Guide On Propagating Succulents In Water

The thick leaves and stems of succulent plants, which can withstand drought, serve as water reservoirs. They are relatively low-maintenance plants that come in an infinite variety of attractive foliage shapes and textures.

Propagating succulents in water is a fun and affordable way to grow your garden. There are numerous methods as well as an increasing number of attempts to do it in water.

You will fully understand succulent water propagation by the time this article is over, along with the procedures for doing it successfully.

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What Is Water Propagation?

Succulent cuttings are rooted in water using a technique known as water propagation. Considering succulents in this way might be counterproductive. The general consensus is that succulent plants dislike sitting in water and that doing so encourages root rot.

Therefore, water propagation might be in opposition to what we have come to believe about taking care of and propagating succulents. But lately, I seem to be hearing more and more about water propagation.

Why Succulent Cuttings Do Not Rot In Water?

According to one theory I’ve heard, the reason why succulent cuttings don’t rot in water is that water isn’t the main cause of rot. When succulent plants are left in wet soil, they are exposed to fungus and other soil-borne pathogens, which can cause root rot and other plant diseases. The plants do not rot when propagating in water because they are not exposed to the pathogens that are typically found in the soil medium.

How To Propagate Succulents In Water?

The rooting process for your succulent plants can begin in water by following these crucial steps to properly obtain cuttings.

  1. On your succulent plant, look for robust growth or offshoot.
  2. Make a quick, precise cut through the base of the desired stem with your pruning shears.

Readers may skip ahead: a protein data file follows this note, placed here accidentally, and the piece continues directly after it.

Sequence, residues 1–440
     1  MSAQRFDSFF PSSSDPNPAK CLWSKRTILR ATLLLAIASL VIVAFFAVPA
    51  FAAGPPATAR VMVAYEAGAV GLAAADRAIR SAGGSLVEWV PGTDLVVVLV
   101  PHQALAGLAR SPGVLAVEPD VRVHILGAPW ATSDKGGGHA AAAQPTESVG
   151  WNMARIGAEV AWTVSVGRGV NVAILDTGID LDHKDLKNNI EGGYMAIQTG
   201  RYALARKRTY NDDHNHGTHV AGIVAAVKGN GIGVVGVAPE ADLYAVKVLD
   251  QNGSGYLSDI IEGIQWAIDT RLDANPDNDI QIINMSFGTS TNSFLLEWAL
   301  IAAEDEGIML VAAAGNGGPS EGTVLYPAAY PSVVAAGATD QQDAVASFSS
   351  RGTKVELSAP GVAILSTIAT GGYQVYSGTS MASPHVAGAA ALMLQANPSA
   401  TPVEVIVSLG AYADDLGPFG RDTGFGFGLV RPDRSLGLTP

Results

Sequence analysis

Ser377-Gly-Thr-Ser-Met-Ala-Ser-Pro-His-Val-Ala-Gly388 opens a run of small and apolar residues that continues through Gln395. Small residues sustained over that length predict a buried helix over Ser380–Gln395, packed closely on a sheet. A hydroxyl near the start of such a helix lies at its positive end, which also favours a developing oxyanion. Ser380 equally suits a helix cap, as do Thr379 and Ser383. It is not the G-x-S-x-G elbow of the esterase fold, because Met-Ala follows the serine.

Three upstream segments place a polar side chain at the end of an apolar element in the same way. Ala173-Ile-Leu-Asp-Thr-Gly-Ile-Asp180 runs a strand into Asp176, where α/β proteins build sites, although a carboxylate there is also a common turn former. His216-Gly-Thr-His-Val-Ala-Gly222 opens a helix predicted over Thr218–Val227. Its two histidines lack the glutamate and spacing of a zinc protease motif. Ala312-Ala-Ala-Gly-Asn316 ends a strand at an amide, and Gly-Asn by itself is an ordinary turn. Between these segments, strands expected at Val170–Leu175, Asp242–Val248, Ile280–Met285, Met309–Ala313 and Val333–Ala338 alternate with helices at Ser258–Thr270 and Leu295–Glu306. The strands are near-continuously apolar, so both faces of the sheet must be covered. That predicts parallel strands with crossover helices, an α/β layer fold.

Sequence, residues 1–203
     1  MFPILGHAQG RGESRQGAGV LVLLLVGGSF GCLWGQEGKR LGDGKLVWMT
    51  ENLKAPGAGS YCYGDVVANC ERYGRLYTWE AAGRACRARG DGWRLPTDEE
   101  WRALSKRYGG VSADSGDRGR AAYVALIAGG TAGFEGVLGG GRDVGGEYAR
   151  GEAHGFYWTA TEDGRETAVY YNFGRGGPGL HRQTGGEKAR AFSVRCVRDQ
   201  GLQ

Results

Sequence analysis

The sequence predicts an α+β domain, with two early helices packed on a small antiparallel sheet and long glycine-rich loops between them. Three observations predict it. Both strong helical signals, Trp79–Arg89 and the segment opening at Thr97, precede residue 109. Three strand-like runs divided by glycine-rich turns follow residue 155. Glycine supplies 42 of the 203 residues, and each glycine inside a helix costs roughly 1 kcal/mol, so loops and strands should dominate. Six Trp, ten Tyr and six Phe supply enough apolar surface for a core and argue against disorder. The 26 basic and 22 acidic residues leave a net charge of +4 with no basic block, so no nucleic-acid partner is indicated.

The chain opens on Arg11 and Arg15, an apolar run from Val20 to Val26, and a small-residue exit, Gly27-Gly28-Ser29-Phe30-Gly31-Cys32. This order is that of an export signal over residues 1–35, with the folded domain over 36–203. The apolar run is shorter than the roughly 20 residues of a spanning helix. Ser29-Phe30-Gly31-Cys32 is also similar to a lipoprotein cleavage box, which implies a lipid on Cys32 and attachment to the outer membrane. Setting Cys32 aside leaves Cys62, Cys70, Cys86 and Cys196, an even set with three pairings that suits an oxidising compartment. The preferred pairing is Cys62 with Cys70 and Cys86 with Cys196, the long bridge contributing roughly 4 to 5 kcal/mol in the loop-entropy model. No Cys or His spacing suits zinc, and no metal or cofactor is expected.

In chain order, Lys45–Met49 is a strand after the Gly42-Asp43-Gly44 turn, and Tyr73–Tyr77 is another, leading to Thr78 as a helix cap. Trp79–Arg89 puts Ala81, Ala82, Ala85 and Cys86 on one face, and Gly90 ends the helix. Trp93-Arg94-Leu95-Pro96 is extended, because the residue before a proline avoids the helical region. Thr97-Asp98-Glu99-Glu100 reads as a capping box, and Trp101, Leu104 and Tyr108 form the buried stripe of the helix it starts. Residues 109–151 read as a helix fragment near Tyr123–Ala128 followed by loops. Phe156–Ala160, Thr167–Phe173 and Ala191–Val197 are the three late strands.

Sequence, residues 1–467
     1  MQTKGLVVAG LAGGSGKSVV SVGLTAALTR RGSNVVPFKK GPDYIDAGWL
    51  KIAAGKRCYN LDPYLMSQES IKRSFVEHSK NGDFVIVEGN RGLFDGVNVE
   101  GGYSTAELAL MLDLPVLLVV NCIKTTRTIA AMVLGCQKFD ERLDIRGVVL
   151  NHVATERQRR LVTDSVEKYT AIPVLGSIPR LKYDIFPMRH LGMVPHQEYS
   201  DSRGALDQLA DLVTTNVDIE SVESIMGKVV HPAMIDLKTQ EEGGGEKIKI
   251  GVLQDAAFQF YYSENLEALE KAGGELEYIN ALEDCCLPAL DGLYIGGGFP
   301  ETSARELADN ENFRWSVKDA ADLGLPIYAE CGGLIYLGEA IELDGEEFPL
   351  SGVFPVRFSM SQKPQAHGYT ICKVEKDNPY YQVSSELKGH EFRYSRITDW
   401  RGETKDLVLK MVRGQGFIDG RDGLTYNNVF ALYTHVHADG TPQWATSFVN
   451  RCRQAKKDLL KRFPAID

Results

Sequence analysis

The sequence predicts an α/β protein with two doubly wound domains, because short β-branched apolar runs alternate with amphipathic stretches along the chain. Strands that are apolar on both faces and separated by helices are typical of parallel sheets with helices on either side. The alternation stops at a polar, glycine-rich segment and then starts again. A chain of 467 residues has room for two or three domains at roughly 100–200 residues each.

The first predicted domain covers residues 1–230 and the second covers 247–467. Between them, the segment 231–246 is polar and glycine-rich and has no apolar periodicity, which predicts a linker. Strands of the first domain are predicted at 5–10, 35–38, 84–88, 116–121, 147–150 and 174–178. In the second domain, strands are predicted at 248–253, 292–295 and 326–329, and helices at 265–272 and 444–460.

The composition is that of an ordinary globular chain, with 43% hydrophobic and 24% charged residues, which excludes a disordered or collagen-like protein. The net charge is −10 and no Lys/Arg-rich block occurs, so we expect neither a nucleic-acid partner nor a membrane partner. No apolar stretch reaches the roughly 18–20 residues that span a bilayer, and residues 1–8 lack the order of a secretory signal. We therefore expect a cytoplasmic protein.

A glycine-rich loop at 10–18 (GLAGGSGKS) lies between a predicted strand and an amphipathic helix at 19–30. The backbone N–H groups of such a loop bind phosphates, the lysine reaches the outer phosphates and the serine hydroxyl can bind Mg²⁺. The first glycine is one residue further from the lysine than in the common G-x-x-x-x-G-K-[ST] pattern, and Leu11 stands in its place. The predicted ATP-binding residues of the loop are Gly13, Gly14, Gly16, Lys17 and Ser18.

3. Split the plant’s mother plant in half. This is your cutting.
  4. On the succulent branch, remove any lower leaves that are present so that one to two inches of the stem are freed above the cut.
  5. Give cuttings a couple of days to calluse. This is a crucial tip, as failing to do so could result in the cutting holding onto too much water and possibly rotting rather than rooting.
  6. Place the cutting’s calloused end in a glass jar filled with distilled water or rainwater, keeping the end just barely submerged.
  • Use untreated tap water instead because chemical additives can prevent roots from growing.
  • If the succulent cutting is very small, you can wrap the jar or glass in plastic wrap, poke holes in it, and insert the teeny stems to hold it in place.
  1. Put the water container in a location that receives a lot of indirect light. To keep an eye on rooting, water levels, and water clarity, use a transparent glass jar.
  2. Wait for roots to form while keeping the container in a bright location but out of direct sunlight.
  3. To prevent algae growth and cloudiness, change the water every couple of days.
  4. After three to four weeks, when the roots begin to form, they should be relocated to an area that receives more direct sunlight. Some roots can take up to 6 weeks to appear.
Propagating Succulents In Water

Water Roots Vs. Dry Roots

The fact that the roots formed in water are different from those required for a plant to grow in the soil is another worry people have about water propagation. Once buried in soil, they must grow new roots that are better suited for soil growth. Others who propagate in water claim that plants flourish when transferred from water to soil.

Since I personally have had great success with “dirt propagation,” I decided to conduct an experiment to find out how water propagation functions. To see what would happen, I attempted to root three stem cuttings in water. I picked two distinct plants that I had no trouble establishing in the soil. I reasoned that picking a plant I know will grow easily would increase my chances of success. I used stem cuttings from an aeonium (blushing beauty) plant and a jade plant (crassula ovata).

Recommended Varieties

When propagating succulents in water, some plants are more effective than others. Here are some of our recommendations for the most productive succulent varieties.

  • Wandering Jew
  • Hen and Chicks
  • Echeveria
  • Sempervivum
  • Crassula
  • Aeonium

There will be both successes and failures, regardless of the succulent varieties, you decide to try your hand at propagating. You have the best chance of success when propagating succulents in water, so use these tips and tricks to grow your indoor and outdoor succulent gardens. A thrilling and satisfying activity, rooting new plants in the water will keep you yearning for succulent plants to show signs of new growth so you can soon propagate even more.